Promise creation challenge

Practice creating your own promises

  • js
  • promises
  • async

You may have used promises provided by libraries or built-in functions before. For example:

fetch("/test")
.then((response) => console.log(response))
.catch((error) => console.error(error));

A promise is an object with a .then method. This method takes a callback function that it will call with the result when the promise is finished (or “resolved”). You can imagine a promise object looks something like this:

// this isn't really how they work
// but it's a good mental model to start with
const promise = {
then: (callback) => {
// magically wait until result is ready somehow
callback(result);
}
catch: (callback) => {
// magically wait until an error happens somehow
callback(error);
}
}

But how do you create your own promise objects?

Creating promises

You can create your own promise objects with new Promise(). You have to pass in a function that defines when the promise will resolve or reject. This function is passed two arguments: resolve and reject. These are functions you call with the value you want to resolve/reject with.

For example:

function doSomethingAsync() {
const promise = new Promise((resolve, reject) => {
// do some async stuff that might error
if (error) {
reject(error);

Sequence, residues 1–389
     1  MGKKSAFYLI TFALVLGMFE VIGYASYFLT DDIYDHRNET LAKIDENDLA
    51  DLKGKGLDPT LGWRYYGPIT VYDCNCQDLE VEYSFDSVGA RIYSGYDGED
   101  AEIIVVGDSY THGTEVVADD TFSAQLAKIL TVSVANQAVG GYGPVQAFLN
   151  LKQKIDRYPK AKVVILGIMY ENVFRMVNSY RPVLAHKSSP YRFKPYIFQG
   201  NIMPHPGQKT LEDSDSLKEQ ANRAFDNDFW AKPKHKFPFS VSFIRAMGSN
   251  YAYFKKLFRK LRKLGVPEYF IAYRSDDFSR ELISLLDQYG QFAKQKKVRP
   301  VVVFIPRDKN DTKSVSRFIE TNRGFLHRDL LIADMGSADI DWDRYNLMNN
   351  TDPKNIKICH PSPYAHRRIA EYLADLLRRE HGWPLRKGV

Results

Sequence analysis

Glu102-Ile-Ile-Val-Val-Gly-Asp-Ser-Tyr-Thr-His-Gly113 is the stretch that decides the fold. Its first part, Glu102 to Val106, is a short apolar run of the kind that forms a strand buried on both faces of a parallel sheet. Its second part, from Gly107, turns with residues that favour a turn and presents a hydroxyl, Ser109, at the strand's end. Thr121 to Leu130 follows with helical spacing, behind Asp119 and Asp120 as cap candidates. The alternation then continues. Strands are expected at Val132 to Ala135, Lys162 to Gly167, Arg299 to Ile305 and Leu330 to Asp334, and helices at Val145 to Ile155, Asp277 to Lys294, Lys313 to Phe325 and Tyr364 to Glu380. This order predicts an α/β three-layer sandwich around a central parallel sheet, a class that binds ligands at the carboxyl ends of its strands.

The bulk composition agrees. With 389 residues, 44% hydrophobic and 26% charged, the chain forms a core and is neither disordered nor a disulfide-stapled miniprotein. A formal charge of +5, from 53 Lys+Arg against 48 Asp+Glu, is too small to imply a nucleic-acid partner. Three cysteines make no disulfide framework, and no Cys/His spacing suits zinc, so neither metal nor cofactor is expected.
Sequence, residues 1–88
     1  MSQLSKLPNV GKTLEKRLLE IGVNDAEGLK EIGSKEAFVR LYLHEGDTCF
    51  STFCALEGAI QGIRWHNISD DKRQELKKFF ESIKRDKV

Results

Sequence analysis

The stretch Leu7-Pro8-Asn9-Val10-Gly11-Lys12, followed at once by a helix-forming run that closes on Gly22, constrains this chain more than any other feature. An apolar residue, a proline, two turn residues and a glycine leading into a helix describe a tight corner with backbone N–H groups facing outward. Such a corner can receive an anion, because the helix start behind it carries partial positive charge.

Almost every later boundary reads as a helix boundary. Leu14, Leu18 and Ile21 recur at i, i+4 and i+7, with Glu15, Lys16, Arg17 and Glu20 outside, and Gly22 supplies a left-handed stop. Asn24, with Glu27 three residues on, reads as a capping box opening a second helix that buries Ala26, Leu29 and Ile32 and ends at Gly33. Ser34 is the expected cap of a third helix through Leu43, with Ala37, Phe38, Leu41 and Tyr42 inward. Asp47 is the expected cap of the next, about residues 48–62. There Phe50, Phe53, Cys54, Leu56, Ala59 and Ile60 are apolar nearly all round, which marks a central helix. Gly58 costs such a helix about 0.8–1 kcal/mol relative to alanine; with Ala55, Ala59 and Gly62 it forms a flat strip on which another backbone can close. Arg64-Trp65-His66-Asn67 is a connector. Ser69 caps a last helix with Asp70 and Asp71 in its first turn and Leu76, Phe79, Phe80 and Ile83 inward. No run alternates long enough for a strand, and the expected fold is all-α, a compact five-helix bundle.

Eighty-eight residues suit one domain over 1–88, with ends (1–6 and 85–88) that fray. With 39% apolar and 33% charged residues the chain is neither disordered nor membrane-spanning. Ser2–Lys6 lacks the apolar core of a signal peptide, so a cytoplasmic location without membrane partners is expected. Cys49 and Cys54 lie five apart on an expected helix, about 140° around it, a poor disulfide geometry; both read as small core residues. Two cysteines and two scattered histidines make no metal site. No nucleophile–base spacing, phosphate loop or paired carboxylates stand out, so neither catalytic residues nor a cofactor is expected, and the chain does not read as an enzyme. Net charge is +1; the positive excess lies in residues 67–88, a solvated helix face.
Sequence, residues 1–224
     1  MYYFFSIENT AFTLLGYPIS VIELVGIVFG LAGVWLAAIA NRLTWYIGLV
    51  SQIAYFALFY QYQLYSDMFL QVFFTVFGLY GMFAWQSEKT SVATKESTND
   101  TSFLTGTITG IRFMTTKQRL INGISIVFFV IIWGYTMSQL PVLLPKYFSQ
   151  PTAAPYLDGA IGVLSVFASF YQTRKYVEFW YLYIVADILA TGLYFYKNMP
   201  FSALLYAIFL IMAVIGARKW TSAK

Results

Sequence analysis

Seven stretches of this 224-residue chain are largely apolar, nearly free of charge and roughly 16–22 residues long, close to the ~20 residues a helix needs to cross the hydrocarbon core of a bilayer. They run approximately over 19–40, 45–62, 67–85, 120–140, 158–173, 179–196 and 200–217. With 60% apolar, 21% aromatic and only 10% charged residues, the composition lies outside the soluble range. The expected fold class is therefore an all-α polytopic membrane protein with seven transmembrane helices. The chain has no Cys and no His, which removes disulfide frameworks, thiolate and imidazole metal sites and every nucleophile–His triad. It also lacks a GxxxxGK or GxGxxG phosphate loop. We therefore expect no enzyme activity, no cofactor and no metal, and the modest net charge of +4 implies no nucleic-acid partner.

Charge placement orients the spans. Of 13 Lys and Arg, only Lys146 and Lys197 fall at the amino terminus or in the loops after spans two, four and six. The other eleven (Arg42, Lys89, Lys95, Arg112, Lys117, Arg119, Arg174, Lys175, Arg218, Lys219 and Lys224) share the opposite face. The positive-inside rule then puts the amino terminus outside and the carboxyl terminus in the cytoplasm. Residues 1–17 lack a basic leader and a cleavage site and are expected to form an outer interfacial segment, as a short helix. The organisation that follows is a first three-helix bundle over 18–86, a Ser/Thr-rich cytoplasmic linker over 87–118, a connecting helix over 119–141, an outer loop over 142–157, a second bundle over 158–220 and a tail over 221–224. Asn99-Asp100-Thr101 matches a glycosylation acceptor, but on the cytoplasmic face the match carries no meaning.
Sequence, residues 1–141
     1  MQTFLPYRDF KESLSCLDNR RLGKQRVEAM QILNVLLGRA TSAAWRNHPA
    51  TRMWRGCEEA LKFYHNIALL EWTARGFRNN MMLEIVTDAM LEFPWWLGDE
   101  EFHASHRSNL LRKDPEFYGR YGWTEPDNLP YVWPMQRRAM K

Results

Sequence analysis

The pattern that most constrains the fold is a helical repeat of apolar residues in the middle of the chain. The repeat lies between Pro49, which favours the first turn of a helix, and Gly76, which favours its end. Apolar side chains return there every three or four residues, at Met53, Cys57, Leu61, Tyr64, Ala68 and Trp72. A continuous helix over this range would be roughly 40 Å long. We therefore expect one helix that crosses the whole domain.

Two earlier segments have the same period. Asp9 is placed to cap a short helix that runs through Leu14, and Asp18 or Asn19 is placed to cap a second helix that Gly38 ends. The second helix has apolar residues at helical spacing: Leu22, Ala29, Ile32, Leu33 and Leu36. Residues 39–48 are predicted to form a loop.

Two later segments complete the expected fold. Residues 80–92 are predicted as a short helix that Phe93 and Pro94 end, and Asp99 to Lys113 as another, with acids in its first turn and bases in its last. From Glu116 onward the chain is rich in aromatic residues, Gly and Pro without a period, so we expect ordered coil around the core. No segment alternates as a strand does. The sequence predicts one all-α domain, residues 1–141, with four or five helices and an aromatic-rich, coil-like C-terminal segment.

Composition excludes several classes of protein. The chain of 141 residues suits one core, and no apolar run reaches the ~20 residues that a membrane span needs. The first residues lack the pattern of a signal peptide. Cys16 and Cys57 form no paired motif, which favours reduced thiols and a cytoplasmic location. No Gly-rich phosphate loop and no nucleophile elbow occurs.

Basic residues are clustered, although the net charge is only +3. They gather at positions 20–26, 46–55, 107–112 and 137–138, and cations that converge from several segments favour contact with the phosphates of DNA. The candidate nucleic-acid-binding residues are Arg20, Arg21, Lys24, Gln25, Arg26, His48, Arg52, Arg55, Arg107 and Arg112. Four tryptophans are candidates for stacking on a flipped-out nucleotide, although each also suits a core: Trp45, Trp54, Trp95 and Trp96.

} else {
resolve(result);
}
});
return promise;
}

You could use the above just like any other promise-returning function:

doSomethingAsync()
.then((result) => console.log(result))
.catch((error) => console.error(error));

Challenge one

You’re going to create a promisified version of setTimeout, called wait. It should take a number of millliseconds to wait as an argument, set a timeout for that long, then resolve the promise.

It should be usable like this:

wait(1000).then(() => console.log("done"));
// (after 1000ms) Logs: "done"

You can run the tests to check if your solution works:

npm run test:one
Toggle answer
function wait(ms) {
return new Promise((resolve) => setTimeout(resolve, ms));
}

Challenge two

You’re going to create your own promisified wrapper of Node’s fs.readFile method. It usually takes a callback to be run when it finishes its asynchronous task.

More recent versions of Node include an already-promisified version of the fs module that you can access via require("fs/promises"). In the real world you should probably just use this rather than implementing your own.

Implement the readFilePromise function so that it returns a new promise. It should use fs.readFile to read whatever file path is passed in, then resolve with the result. It should reject with any error that occurred. For example:

readFilePromise("./test.txt")
.then((contents) => console.log(contents))
.catch((error) => console.error(error));

You can run the tests to check if your solution works:

npm run test:two
Toggle answer
const fs = require("fs");

function readFilePromise(filePath) {
return new Promise((resolve, reject) => {
fs.readFile(filePath, (error, contents) => {
if (error) {
reject(error);
} else {
resolve(contents);
}
});
});
}